For centuries, European society excluded people regarded as “insane” from normal life, confining them to asylums or driving them from one town to another. By the 18th century, a few doctors were beginning to study the people in asylums, and discovered that some of these patients had, by no means, lost the powers of reason: they had a normal grasp of what was real and what wasn’t, but they suffered terribly from emotional anguish through their impulsiveness, ragefulness, and a general difficulty in self-governance caused others to suffer. They seemed to live in a borderland between outright insanity and normal behaviour and feeling.
These people, who were neither insane nor mentally healthy, continued to puzzle psychiatrists for the next one hundred years. It was in this “borderland” that society and psychiatry came to place its criminals, alcoholics, suicidal people, emotionally unstable and behaviourally unpredictable people—to separate them off both from those with more clearly defined psychiatric illnesses at one border (those, for example, whose illness we have come to call schizophrenia and manic-depressive or “bipolar” disorder) and from “normal” people at the other border.
About a hundred years ago, a bright but very ill young woman found that if her doctor listened to her for hours while she told him about her inner experience and her memories, the symptoms that were making her life unbearable would gradually subside. The patient recovered and went on to become the first social worker in Germany.
Her doctor, Dr. Breuer, went on to become one of the teachers of Sigmund Freud, inventor of the “talking cure” — psychoanalysis. At first the students of Freud thought that the talking cure would help all mentally ill people except those who were seriously psychotic. But over the years they found themselves dealing with some patients who were in the same “borderland” described before: people who were not psychotic, but who did not respond to the talking cure in the way the therapists expected. Gradually, therapists began to define this “borderline” group not so much by their symptoms as by the special problems that were underneath the symptoms, and by the effects these people had upon others.
The symptoms of borderline patients are similar to those for which most people seek psychiatric help: depression, mood swings, the use and abuse of drugs, alcohol, or food as a means of trying to feel better; obsessions, phobias, feelings of emptiness and loneliness, inability to tolerate being alone.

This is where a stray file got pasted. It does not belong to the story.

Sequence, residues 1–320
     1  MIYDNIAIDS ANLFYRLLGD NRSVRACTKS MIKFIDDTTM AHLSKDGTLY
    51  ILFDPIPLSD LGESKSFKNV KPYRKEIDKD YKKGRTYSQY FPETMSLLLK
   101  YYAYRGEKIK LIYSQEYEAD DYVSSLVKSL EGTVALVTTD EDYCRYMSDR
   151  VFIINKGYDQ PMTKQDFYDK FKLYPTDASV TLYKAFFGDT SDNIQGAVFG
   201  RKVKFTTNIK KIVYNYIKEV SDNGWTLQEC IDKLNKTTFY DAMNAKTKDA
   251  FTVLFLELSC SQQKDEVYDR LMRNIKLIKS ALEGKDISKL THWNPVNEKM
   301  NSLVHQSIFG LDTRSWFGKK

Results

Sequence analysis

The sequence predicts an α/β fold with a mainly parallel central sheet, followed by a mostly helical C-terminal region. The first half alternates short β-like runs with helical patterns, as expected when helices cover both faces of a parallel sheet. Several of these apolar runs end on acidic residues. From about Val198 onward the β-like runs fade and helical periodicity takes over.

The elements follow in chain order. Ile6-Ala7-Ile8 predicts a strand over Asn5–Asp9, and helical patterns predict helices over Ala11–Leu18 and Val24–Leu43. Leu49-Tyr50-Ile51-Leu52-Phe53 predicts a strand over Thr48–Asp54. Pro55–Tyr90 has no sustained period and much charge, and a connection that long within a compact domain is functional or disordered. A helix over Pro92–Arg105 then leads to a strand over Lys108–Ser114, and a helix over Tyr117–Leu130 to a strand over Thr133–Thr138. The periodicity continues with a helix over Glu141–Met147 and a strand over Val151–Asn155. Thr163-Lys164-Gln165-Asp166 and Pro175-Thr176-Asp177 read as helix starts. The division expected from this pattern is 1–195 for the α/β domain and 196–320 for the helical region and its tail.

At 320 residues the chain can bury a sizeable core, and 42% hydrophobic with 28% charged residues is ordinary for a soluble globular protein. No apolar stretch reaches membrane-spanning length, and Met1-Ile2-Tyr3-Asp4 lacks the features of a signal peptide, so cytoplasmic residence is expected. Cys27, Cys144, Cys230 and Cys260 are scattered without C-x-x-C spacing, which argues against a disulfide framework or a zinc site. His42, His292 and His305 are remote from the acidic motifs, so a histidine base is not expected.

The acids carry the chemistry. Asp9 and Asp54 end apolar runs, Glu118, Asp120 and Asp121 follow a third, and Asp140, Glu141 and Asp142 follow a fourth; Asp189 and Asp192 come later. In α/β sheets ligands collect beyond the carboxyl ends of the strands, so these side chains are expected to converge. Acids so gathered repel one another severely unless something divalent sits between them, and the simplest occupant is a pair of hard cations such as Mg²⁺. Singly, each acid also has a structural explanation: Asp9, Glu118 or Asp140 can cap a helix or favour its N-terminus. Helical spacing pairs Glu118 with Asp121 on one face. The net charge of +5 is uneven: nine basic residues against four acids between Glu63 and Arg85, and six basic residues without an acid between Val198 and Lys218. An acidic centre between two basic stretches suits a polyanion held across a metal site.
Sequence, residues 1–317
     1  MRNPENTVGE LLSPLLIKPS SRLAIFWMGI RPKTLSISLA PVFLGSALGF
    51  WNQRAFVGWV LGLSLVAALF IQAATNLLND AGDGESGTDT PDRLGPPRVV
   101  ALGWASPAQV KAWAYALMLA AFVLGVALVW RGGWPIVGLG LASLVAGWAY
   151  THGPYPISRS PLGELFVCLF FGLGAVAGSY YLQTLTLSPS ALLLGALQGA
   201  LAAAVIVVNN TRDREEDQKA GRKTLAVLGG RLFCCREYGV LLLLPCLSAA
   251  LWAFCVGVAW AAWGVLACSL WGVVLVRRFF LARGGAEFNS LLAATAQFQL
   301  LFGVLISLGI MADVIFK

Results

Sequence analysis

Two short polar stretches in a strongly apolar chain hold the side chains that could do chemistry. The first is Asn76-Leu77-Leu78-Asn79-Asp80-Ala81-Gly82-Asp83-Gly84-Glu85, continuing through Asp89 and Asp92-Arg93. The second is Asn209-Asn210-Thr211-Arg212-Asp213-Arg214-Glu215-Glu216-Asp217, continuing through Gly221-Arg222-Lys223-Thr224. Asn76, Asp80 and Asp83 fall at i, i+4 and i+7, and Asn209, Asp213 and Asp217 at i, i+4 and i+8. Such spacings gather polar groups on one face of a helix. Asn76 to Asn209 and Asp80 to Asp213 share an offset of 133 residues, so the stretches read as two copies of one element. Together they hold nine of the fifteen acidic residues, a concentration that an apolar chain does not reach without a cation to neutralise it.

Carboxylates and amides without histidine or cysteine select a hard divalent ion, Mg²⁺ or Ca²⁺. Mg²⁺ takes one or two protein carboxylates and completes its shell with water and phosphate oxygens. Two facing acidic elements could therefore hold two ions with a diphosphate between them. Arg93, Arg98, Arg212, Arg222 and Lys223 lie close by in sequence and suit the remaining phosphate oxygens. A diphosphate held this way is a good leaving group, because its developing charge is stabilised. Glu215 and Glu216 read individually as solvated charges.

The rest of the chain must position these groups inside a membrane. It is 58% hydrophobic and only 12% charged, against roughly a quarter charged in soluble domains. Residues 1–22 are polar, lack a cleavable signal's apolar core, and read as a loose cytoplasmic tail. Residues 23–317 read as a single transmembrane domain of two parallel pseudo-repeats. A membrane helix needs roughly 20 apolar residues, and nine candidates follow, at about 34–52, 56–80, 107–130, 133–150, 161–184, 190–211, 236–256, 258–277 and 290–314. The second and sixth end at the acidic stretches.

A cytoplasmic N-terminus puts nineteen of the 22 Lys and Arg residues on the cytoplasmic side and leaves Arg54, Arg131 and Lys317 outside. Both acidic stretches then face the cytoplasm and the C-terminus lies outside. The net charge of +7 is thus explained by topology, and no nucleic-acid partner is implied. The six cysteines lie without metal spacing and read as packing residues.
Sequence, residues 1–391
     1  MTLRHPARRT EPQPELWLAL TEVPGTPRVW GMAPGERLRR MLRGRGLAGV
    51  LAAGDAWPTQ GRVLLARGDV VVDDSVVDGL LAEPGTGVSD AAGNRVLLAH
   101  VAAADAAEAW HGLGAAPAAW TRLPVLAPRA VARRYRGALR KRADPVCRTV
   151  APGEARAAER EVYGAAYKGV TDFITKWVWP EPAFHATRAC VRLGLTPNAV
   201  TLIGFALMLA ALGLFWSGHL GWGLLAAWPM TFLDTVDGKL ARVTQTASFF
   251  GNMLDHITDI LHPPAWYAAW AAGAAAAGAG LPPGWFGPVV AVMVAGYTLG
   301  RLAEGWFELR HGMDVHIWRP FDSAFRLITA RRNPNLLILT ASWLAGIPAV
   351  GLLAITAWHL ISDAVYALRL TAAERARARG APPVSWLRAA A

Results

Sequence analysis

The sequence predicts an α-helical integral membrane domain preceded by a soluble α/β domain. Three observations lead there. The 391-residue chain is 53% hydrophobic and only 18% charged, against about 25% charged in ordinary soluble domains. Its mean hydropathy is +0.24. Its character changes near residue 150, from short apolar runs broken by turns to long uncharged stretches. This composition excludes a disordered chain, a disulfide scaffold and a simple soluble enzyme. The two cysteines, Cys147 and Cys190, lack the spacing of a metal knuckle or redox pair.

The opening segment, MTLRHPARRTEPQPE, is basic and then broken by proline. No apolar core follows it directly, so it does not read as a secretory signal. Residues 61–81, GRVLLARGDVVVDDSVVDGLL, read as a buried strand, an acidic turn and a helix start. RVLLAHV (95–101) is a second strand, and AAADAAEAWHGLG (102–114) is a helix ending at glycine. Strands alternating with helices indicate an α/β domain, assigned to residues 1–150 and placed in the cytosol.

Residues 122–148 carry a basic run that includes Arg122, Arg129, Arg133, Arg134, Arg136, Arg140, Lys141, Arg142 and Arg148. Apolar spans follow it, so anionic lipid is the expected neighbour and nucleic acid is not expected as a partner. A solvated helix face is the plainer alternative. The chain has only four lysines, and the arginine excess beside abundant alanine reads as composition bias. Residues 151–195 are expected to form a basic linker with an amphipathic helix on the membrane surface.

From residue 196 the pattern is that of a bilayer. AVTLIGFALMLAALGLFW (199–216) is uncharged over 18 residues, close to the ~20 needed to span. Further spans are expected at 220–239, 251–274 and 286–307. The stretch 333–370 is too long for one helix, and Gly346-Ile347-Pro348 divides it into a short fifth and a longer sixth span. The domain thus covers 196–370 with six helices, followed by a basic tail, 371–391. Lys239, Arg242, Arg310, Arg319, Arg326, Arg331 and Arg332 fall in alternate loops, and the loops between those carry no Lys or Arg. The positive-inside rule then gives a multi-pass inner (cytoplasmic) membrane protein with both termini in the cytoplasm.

In addition, these patients displayed great difficulties in controlling ragefulness; they were unusually impulsive, they fell in and out of love suddenly; they tended to idealize other people and then abruptly despise them. A consequence of all this was that they typically looked for help from a therapist and then suddenly quit in terrible disappointment and anger.
Underneath all these symptoms, therapists began to see in borderline people an inability to tolerate the levels of anxiety, frustration, rejection and loss that most people are able to put up with, an inability to soothe and comfort themselves when they become upset, and an inability to control the impulses toward the expression, through action, of love and hate that most people are able to hold in check. What seems to be of central importance in the symptoms and difficulties mentioned above is that the hallmark of the “borderline” personality is great difficulty in holding on to a stable, consistent sense of one’s self: “What am I?” these people ask. “My life is in chaos; sometimes I feel like I can do anything—other times I want to die because I feel so incompetent, helpless and loathsome. I’m a lot of different people instead of being just one person.”
The one word that best characterizes borderline personality is “instability.” Emotions are unstable, fluctuating wildly, often for no discernible reason. Thought processes are unstable—rational and clear at times, quite extreme and distorted at other times. Behaviour is unstable—often with periods of excellent conduct, high efficiency and trustworthiness alternating with outbreaks of regression to childlike states of helplessness and anger, suddenly quitting a job, withdrawing into isolation, failing.
Self control is unstable leading to impulsive behaviours and chaotic relationships. A person with borderline personality disorder may sacrifice themselves for others, only to reach their limit and suddenly fly into rageful reproaches, or they may curry favour through obedient submission only to rebel, out of the blue, in a tantrum.
Associated with this instability is terrible anxiety, guilt and self-loathing for which relief is sought at any cost—medicine, drugs, alcohol, overeating, suicide. Sadly, oddly, self-injury is discovered bymany borderline people to provide faster relief than anything else—cutting or burning themselves stops the anxiety temporarily.
The effect upon others of all this trouble is profound: family members never know what to expect from their volatile child, siblings, or spouse, except they know they can expect trouble: suicide threats and attempts, self-inflicted injuries, outbursts of rage and recrimination, impulsive marriages, divorces, pregnancies and abortions; repeated starting and stopping of jobs and school careers, and a pervasive sense, on the part of the family, of being unable to help.
And, of course, the effect of the illness upon the life of the patient is equally profound: jobs are lost, successes are spoiled, relationships shattered, families alienated. The end result is all too often the failure of a promising life, or a tragic suicide.
The above information was obtained from: